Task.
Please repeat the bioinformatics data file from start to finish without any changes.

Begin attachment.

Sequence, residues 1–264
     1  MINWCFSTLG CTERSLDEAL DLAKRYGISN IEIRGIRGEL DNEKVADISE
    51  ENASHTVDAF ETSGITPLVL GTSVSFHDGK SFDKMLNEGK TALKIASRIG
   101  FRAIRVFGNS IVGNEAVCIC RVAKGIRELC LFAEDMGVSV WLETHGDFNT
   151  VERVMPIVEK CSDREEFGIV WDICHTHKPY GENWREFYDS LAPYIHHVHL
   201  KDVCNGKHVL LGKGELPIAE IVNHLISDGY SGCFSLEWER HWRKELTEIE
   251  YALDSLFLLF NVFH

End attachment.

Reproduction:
Sequence, residues 1–264
     1  MINWCFSTLG CTERSLDEAL DLAKRYGISN IEIRGIRGEL DNEKVADISE
    51  ENASHTVDAF ETSGITPLVL GTSVSFHDGK SFDKMLNEGK TALKIASRIG
   101  FRAIRVFGNS IVGNEAVCIC RVAKGIRELC LFAEDMGVSV WLETHGDFNT
   151  VERVMPIVEK CSDREEFGIV WDICHTHKPY GENWREFYDS LAPYIHHVHL
   201  KDVCNGKHVL LGKGELPIAE IVNHLISDGY SGCFSLEWER HWRKELTEIE
   251  YALDSLFLLF NVFH